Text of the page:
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COMMONWEALTH PENNSYLVANIA v. GREGORY WILLIAMS (04/09/85)

submitted: April 9, 1985.

COMMONWEALTH OF PENNSYLVANIA
v.
GREGORY WILLIAMS, APPELLANT



Appeal from Judgment of Sentence of the Court of Common Pleas, Criminal Division, of Beaver County, No. 167 of 1983.

COUNSEL

William R. Hare, Assistant Public Defender, Beaver, for appellant.

Edward J. Tocci, District Attorney, Beaver, for Commonwealth, appellee.

Wieand, Johnson and Montgomery, JJ.

Author: Wieand

[ 344 Pa. Super. Page 496]

Gregory Williams was tried by jury and was found guilty of rape, aggravated assault, and making terroristic threats in connection with a beating inflicted upon his former girl friend on November 29, 1982, in Aliquippa, Beaver County. On direct appeal from consecutive sentences imposed for rape and aggravated assault, Williams complains of evidentiary rulings made by the trial court and ineffective assistance allegedly rendered by counsel. He also contends that his conviction for aggravated assault merged for sentencing purposes in the conviction for rape. We find neither trial nor sentencing error, but, because there is arguable merit in several of Williams' averments that trial counsel rendered ineffective assistance, we remand for an evidentiary hearing.

Williams and Jacqueline Jamison had been living together but had separated. On November 29, 1982, while Ms. Jamison was sitting in a bar in Aliquippa, Williams entered and asked her to come outside to talk to him about a money matter he wished to discuss. Jamison left the bar, and the two of them walked down the street, arguing loudly, with Williams pushing and threatening Jamison. When they entered a wooded lot at the end of the street, Williams began beating his former girl friend. He knocked her down and continued to beat her when she tried to rise. According to the Commonwealth's evidence, Williams then drew a knife and used it to cut Jamison's pantyhose and underwear. He also cut her legs, ankle and hand. Finally, he forced her to have sexual intercourse with him. Williams conceded that he had beaten his former girl friend but denied that he had cut her with a knife. They had resolved their dispute, he contended, and then had engaged in consensual intercourse. Thereafter, in any event, they returned to the bar, where a friend of the victim intervened. She took Jamison to a nearby house, where Jamison's missing shoes were replaced. The police were then notified.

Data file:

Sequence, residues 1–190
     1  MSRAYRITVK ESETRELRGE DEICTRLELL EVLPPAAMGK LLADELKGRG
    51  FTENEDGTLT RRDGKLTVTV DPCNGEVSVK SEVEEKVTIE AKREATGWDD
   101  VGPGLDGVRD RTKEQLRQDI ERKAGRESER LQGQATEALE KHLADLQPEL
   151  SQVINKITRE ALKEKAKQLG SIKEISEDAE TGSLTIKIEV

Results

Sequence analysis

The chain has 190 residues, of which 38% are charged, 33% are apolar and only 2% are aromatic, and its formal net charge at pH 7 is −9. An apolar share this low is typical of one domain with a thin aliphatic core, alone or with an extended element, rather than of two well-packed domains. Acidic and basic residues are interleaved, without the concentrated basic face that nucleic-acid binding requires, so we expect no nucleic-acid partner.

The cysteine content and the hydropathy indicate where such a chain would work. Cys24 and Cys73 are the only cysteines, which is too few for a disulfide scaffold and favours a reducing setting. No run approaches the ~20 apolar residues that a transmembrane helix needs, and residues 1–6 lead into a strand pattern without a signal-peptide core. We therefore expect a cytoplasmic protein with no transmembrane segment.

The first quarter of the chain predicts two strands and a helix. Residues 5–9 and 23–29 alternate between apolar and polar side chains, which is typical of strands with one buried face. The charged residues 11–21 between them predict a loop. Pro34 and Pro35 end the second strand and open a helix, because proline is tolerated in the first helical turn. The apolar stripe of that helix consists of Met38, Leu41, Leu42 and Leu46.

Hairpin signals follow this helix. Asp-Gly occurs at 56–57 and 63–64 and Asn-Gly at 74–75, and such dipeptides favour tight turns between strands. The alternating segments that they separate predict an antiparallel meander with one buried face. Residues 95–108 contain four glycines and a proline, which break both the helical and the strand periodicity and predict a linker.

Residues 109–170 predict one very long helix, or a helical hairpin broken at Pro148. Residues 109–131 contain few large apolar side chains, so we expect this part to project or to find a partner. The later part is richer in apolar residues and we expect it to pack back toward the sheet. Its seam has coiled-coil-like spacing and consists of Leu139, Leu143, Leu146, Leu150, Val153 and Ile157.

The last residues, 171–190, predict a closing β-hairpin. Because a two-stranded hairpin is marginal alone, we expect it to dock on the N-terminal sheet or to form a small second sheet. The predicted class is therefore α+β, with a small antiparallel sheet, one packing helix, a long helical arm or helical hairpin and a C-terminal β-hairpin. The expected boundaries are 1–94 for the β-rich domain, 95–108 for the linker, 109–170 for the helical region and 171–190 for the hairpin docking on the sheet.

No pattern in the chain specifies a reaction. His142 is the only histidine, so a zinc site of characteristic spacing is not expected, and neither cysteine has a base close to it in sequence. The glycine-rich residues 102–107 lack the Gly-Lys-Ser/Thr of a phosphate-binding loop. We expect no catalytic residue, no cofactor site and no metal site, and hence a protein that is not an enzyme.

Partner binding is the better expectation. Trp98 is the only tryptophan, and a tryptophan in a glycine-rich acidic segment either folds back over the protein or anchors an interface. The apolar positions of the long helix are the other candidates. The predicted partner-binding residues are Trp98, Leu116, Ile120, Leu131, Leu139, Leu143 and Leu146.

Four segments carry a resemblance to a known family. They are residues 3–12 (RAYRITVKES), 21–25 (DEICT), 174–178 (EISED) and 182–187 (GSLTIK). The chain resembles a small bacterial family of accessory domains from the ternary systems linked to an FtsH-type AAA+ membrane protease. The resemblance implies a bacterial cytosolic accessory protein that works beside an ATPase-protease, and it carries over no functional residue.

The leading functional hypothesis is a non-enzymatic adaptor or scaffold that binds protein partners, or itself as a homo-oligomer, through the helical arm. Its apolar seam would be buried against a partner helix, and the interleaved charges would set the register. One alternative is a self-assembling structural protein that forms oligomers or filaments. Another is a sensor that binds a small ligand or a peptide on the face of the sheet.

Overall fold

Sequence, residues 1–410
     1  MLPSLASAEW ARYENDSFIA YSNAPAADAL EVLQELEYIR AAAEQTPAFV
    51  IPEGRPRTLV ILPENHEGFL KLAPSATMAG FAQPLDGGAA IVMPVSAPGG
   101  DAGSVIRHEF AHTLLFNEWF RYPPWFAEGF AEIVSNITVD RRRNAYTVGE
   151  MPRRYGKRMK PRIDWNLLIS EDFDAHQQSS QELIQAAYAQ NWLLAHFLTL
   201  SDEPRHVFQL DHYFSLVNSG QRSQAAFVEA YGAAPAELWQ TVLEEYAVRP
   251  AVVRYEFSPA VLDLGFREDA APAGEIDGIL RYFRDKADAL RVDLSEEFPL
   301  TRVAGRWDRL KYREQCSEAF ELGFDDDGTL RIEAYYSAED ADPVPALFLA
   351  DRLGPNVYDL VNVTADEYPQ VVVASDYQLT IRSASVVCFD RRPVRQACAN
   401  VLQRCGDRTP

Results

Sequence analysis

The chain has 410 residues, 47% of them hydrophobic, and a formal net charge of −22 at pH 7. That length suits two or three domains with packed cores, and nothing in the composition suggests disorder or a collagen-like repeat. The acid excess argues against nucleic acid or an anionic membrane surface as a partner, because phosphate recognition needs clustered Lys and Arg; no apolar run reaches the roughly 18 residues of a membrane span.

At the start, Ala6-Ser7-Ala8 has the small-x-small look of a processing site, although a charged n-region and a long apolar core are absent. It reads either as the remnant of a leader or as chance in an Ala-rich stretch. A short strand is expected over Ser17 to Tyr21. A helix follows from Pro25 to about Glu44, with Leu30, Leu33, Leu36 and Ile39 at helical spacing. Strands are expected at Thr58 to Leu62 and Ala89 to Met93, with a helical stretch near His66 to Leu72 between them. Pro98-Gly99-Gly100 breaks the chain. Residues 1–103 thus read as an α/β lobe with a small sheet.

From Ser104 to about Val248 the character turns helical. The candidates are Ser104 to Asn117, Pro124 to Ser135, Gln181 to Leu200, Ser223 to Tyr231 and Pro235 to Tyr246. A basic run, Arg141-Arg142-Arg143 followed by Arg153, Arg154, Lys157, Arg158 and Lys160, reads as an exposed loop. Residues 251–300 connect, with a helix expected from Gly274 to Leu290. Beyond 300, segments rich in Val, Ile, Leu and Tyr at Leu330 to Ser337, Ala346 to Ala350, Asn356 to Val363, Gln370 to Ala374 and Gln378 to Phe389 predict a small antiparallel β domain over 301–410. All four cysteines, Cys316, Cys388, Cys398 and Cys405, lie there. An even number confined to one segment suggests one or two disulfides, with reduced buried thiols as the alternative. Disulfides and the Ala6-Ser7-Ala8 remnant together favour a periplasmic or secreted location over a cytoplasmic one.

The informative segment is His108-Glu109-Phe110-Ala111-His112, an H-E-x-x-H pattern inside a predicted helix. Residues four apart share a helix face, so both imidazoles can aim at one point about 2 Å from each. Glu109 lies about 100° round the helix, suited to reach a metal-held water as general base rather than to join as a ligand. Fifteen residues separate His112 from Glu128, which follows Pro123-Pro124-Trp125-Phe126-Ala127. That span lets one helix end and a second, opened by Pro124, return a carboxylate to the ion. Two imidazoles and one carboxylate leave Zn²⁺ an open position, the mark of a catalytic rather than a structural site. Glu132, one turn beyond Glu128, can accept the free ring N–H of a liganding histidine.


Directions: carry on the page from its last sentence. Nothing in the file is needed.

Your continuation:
[ 344 Pa. Super. Page 497]

While the victim was at the police station, she was met by her sister, Carol Ann Kimbrough, who had been summoned. Carol Ann testified at trial to the observations which she had made regarding her sister's condition. Despite the meager information which the witness was able to impart to the jury, defense counsel undertook extensive cross-examination. In response to questions asked by defense counsel, Carol Ann told the jury that she had disapproved of the relationship between appellant and her sister, that appellant had been in the penitentiary, and that appellant had previously shot the victim in the mouth. Then the following occurred:

Q. Okay. Did you have any knowledge that [Jacqueline] was a prostitute?

A. Vaguely. I couldn't put my finger on it. I questioned her about it.

Q. Did she ever admit this to you?

A. No, she did not.

Q. Did you ever personally file charges against Gregory Williams?

A. I never personally filed charges against him. My father did. My 78-year-old father did, and we had a hearing down at Mr. Ayoob's office, ...


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